Indian universities fail to make it to Global Top 100 in reputation rankings, and this has now caused some embarrassment. Not that we are used to see Indian universities in the top league, but now it happens to be the only BRIC country that does not make it. Indeed, it is a moot point that the universities from Singapore, Korea, Turkey and Israel all feature in the list, but what really matters for India is that it shows, yet again, how India is falling behind China on this aspect too.
What should be done? Phil Baty, from Times Higher Education who published the rankings, suggest that India must embrace internationalisation. What this means is to focus on greater global collaborations in research and teaching, and recruitment of international faculty, as the top universities in China have been doing for some time now. He rightly observes that quality and standards have been the casualty in the face of rapid expansion of Higher Education in India, and even the top Indian institutions are quite a way away from making it to the Top 100.
The debate about raising the standards of Indian universities is welcome, though I am not entirely sure that the way to do it is to focus our minds on Times Higher Reputation Rankings. First, one needs to look at what Times Higher Education is attempting to do. A sober view will suggest that an University's standards of research and teaching output should take years, if not decades, to evolve, and indeed, some of the University Rankings, like the one published by Shanghai Jiao Tong, reflect the relatively slow-changing nature of this business. The University Reputation ranking, the one we are concerned about here, is somewhat an attempt to induce some glitz-and-glamour in the boring business of university research and teaching: It is the sector's own reality show based on audience polls. This approach makes the rankings quite volatile, and indeed, makes it possible for Indian universities to make it to the Top 100 at some point in future if the hearts and minds and sufficient money is focused on it. Indeed, Indian institutions are capable of this: IIM Ahmedabad's rapid rise in Business School rankings over recent years and ISB's persistent good showing, despite not being an accredited institution in India, prove the point. India's quality problems may need solving, but joining an international beauty parade to solve this is perhaps the last thing India needs.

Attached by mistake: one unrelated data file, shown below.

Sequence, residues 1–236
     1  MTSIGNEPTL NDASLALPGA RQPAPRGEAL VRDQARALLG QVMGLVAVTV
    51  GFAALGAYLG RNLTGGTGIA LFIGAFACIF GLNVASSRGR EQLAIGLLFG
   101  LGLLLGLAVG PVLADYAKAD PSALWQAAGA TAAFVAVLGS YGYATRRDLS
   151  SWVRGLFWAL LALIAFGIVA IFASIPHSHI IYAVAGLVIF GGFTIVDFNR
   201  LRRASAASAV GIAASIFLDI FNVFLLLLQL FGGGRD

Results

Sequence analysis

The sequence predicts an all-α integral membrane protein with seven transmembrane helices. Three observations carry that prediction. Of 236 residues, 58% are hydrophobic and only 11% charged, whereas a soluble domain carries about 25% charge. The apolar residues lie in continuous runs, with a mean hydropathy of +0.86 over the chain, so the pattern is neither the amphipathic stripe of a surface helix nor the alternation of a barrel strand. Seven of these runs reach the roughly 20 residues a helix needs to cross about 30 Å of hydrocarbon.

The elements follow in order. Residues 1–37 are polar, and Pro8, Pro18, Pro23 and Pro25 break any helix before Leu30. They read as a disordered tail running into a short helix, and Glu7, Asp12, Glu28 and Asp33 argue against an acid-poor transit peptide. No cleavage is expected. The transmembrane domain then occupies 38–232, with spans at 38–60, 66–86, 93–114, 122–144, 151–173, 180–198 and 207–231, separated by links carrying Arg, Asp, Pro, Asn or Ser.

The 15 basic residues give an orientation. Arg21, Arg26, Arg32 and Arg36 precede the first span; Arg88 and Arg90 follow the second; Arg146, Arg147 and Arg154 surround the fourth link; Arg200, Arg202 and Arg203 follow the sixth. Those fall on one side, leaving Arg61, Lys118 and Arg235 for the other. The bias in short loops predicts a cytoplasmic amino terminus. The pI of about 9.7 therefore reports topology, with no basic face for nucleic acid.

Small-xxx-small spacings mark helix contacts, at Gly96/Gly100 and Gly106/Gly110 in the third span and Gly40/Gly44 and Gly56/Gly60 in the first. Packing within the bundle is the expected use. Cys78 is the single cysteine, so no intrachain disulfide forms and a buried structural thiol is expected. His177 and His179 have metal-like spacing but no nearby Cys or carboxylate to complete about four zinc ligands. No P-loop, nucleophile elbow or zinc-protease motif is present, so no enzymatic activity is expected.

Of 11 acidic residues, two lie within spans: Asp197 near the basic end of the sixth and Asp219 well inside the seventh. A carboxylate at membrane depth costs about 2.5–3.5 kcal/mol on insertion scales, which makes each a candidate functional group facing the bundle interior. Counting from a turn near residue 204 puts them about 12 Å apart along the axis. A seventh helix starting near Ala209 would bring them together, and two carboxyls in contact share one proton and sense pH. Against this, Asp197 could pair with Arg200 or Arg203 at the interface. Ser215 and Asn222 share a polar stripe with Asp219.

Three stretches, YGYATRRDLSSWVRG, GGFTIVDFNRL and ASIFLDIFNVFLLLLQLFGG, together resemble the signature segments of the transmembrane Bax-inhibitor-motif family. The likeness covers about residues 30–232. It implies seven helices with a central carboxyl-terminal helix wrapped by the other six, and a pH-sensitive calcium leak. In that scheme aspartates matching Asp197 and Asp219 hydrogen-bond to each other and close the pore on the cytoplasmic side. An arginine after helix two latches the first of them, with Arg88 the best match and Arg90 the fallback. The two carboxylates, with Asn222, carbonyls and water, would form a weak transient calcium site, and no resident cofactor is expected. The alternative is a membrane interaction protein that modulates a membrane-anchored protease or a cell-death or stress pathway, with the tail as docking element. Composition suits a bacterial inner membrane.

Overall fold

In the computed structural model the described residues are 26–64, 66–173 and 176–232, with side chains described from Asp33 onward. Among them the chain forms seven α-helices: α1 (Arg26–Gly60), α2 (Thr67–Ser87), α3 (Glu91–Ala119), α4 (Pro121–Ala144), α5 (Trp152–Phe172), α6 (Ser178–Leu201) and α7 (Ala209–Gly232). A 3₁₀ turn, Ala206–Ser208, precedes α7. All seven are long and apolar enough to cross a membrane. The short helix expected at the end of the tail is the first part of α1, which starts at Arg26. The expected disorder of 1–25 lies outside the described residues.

Second, while one may instinctively agree that India must embrace internationalisation in its Higher Education system, how to do so may be more complex than just trying to attract star faculty globally. At one level, the internationalisation is needed: As Pratap Bhanu Mehta puts it, India remains an open society with a closed mind, and its Higher Education sector must do more to open the students to global possibilities and global standards. And, surely, this can not be done under the current intrusive regulatory regime. However, this means more than creating a global elite, either in terms of a set of prestigious universities or a narrow band of globally minded students. In fact, India's elite may already be more globally minded than many of its peers, including China, as its education culture has not moved much beyond Lord Macaulay's strategy of creating a "a class of persons, Indian in blood and colour, but English in taste, in opinions, in morals, and in intellect". Rather, coming late to the party, India has the opportunity to craft a strategy of inclusive internationalisation - opposite of the kind Mr Baty suggests - which will create broadbased global opportunity for Indian students through greater use of collaboration, curriculum innovation and travel. While this must include some elements of faculty exchange and global hiring, the greater emphasis should be on effective and inclusive deployment of learning technologies, crafting language strategies for Indian campuses and exposing the students to different cultures and critical understanding of global work.
In summary, therefore, India must embrace internationalisation, but on its own terms and to meet its own imperatives, and seek to develop its own brand of 'inclusive internationalisation'. Surely, it needs to improve the standards of its Higher Education, but the emphasis again should be on making lives better for its students and meeting its development challenges, and not on International League Tables of questionable value.
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